The Somali Penal Code, promulgated in early 1962, became
effective on April 3, 1964. It was Somalia's first codification
of laws designed to protect the individual and to ensure the
equitable administration of justice. The basis of the code was
the constitutional premise that the law has supremacy over the
state and its citizens. The code placed responsibility for
determining offenses and punishments on the written law and the
judicial system and excluded many penal sanctions formerly
observed in unwritten customary law. The authorities who drafted
the code, however, did not disregard the people's past reliance
on traditional rules and sanctions. The code contained some of
the authority expressed by customary law and by Islamic, sharia,
or religious law.
The penal laws applied to all nationals, foreigners, and
stateless persons living in Somalia. Courts ruled out ignorance
of the law as a justification for breaking the law or an excuse
for committing an offense, but considered extenuations and
mitigating factors in individual cases. The penal laws prohibited
collective punishment, which was contrary to the traditional
sanctions of diya-paying groups. The penal laws stipulated
that if the offense constituted a violation of the code, the
perpetrator had committed an unlawful act against the state and
was subject to its sanctions. Judicial action under the code,
however, did not rule out the possibility of additional redress
in the form of diya through civil action in the courts.
Siad Barre's regime attacked this tolerance of diya, and
forbade its practice entirely in 1974.
Under the Somali penal code, to be criminally liable a person
must have committed an act or have been guilty of an omission
that caused harm or danger to the person or property of another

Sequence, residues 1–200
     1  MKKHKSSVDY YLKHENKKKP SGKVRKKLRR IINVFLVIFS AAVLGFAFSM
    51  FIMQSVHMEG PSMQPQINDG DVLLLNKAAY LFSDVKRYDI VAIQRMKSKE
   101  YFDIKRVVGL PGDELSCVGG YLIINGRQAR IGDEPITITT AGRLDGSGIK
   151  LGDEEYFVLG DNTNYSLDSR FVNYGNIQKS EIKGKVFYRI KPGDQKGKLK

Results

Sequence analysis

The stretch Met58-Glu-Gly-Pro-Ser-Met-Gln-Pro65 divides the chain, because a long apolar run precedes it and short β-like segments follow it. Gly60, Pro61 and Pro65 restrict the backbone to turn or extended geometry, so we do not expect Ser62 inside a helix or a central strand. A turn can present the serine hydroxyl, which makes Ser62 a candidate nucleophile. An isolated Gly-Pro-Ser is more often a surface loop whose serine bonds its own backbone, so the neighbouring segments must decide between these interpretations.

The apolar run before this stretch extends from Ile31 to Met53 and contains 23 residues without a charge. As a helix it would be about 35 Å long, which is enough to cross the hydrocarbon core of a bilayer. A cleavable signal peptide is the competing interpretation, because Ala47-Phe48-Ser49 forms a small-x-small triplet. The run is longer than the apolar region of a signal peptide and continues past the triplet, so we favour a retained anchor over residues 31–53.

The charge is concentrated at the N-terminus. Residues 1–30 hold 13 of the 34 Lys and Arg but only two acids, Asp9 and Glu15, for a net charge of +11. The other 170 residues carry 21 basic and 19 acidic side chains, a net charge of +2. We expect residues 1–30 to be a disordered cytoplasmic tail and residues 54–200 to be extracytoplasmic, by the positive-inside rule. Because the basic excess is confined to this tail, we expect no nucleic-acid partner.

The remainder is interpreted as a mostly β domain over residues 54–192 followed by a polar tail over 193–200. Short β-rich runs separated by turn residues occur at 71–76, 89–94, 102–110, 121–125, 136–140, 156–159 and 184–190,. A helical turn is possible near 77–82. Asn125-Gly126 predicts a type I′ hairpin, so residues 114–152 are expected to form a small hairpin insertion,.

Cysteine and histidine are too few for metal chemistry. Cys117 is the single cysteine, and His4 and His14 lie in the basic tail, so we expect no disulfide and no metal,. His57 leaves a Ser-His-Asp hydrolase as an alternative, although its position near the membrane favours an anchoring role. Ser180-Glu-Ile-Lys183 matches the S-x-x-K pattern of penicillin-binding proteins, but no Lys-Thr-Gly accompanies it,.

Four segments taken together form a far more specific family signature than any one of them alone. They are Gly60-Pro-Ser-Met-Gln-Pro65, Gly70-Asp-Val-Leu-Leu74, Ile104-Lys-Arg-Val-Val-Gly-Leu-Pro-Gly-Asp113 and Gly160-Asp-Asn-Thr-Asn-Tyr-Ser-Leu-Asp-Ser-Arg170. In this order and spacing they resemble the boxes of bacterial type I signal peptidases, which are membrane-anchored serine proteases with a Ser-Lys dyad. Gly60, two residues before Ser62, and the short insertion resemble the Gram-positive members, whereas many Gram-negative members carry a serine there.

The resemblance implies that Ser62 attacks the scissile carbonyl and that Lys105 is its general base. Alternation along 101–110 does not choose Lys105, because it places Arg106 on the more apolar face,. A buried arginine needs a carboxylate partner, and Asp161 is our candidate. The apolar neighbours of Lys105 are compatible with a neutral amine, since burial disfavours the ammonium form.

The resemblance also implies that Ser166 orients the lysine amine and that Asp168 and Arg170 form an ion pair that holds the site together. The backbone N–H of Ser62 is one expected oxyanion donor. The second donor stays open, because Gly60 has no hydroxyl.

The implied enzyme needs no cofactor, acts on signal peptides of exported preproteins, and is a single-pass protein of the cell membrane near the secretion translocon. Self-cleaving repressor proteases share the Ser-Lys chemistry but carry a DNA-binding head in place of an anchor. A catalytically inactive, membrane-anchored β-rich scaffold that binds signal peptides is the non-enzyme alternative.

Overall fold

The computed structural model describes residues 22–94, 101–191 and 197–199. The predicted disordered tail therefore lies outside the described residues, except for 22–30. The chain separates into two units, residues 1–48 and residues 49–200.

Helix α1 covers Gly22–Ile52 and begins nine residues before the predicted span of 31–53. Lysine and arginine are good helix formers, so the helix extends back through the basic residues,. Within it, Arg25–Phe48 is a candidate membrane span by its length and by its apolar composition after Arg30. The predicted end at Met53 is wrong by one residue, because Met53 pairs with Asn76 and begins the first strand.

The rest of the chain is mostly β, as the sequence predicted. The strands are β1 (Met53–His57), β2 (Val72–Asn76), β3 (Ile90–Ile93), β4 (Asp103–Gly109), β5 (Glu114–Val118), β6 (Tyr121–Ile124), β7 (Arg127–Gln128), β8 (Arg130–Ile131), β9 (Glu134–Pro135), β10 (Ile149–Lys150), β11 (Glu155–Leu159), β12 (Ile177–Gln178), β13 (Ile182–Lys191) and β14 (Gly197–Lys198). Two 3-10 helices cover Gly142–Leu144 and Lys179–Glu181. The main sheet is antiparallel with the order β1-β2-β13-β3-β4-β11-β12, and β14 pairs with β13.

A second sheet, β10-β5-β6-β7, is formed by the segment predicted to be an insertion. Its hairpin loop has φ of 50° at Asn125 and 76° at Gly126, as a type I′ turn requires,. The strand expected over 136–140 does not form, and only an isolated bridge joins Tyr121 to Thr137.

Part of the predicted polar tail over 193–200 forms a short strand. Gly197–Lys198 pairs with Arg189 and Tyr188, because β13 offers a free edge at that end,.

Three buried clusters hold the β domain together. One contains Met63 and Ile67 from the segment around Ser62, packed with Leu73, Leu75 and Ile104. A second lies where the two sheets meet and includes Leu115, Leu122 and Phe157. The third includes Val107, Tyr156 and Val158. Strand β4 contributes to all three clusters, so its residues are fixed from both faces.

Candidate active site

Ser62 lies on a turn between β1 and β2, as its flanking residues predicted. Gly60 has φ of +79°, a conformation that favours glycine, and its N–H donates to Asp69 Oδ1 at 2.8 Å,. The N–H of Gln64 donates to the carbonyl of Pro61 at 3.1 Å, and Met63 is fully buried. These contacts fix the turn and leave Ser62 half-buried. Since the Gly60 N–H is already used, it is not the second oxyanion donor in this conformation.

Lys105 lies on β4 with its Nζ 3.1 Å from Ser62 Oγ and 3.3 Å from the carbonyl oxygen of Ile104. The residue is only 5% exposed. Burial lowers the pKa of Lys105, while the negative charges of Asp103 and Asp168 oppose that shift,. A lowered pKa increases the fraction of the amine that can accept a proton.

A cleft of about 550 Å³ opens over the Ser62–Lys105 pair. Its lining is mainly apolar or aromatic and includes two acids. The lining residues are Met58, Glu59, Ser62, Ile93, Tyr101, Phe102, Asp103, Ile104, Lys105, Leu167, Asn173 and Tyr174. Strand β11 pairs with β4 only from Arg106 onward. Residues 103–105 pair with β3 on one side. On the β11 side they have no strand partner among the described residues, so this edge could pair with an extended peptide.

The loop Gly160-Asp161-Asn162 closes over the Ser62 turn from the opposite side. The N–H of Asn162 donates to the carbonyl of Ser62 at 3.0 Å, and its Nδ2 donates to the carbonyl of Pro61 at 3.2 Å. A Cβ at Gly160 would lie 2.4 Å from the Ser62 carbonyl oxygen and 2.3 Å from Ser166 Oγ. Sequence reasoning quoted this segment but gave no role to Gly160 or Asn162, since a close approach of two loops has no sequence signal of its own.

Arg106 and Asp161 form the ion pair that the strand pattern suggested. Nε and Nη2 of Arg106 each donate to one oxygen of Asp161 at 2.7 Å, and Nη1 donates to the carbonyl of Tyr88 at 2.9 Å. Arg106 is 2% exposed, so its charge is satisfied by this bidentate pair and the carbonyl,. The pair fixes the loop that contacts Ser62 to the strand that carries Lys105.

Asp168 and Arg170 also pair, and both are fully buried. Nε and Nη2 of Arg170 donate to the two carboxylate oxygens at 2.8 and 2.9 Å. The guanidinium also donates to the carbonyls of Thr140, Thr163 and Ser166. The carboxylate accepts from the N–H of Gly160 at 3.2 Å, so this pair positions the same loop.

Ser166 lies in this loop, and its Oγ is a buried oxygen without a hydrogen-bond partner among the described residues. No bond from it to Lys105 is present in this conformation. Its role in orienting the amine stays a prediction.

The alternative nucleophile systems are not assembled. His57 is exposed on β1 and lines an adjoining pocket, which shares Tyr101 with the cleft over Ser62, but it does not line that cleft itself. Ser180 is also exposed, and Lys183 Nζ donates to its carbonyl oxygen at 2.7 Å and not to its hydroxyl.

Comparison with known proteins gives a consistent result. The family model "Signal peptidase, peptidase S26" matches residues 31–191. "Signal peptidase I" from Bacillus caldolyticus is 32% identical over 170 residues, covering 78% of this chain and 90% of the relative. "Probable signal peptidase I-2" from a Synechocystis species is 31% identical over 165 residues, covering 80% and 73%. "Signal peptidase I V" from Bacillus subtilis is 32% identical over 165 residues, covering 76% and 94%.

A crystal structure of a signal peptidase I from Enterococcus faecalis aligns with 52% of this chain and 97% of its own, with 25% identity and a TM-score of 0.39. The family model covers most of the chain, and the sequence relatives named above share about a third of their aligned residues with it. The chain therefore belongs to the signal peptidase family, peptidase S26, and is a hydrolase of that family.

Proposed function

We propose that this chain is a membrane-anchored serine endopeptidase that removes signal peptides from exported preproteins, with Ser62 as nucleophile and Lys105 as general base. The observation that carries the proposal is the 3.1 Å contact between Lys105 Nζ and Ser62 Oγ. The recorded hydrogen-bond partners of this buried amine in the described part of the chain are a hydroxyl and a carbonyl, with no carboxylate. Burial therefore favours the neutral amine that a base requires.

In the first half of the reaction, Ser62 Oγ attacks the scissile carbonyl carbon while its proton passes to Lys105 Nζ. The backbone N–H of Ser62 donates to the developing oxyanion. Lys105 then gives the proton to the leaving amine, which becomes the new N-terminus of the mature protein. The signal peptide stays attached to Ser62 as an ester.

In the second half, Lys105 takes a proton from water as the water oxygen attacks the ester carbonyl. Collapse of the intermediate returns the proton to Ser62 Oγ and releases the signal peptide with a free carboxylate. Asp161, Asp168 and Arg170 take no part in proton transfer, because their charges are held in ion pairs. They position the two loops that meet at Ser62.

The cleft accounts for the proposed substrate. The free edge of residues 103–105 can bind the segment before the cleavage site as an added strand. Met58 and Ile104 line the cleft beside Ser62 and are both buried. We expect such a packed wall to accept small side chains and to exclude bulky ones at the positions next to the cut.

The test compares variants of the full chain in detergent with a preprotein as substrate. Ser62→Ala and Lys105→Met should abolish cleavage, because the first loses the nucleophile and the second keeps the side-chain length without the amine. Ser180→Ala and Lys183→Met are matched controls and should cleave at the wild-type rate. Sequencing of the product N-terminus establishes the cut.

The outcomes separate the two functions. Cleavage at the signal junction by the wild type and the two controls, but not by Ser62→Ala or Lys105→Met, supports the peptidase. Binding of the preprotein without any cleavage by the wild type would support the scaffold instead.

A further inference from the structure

or to the state. Further, the offense must have been committed
willfully or as the result of negligence, imprudence, or illegal
behavior. Under Somali penal law, the courts assumed the accused
to be innocent until proved guilty beyond reasonable doubt. In
criminal prosecution, the burden of proof rested with the state.
Penal laws classed offenses as either crimes or
contraventions, the latter being legal violations without
criminal intent. Death by shooting was the only sentence for
serious offenses such as crimes against the state and murder. The
penal law usually prescribed maximum and minimum punishments but
left the actual sentence to the judge's discretion.
The penal laws comprised three categories. The first dealt
with general principles of jurisprudence; the second defined
criminal offenses and prescribed specified punishments; the third
contained sixty-one articles that regulated contraventions of
public order, safety, morality, and health. Penal laws took into
consideration the role of punishment in restoring the offender to
a useful place in society.
The Criminal Procedure Code governed matters associated with
arrest and trial. The code, which conformed to British common
law, prescribed the kinds and jurisdictions of criminal courts,
identified the functions and responsibilities of judicial
officials, outlined the rules of evidence, and regulated the
conduct of trials. Normally, a person could be arrested only if
caught in the act of committing an offense or upon issuance of a
warrant by the proper judicial authority. The code recognized the
writ of habeas corpus. Those arrested had the right to appear
before a judge within twenty-four hours.
As government opposition proliferated in the late 1970s and early 1980s, the
Siad Barre regime increasingly subverted or ignored Somalia's legal system.
By the late 1980s, Somalia had become a police state, with citizens often falling
afoul of the authorities for solely political reasons. Pressure by international
human rights organizations such as Amnesty International and Africa Watch failed
to slow Somalia's descent into lawlessness. After Siad Barre fell from power
in January 1991, the new authorities promised to restore equity to the country's
legal system. Given the many political, economic, and social problems confronting
post-Siad Barre Somalia, however, it appeared unlikely that this goal would
be achieved soon.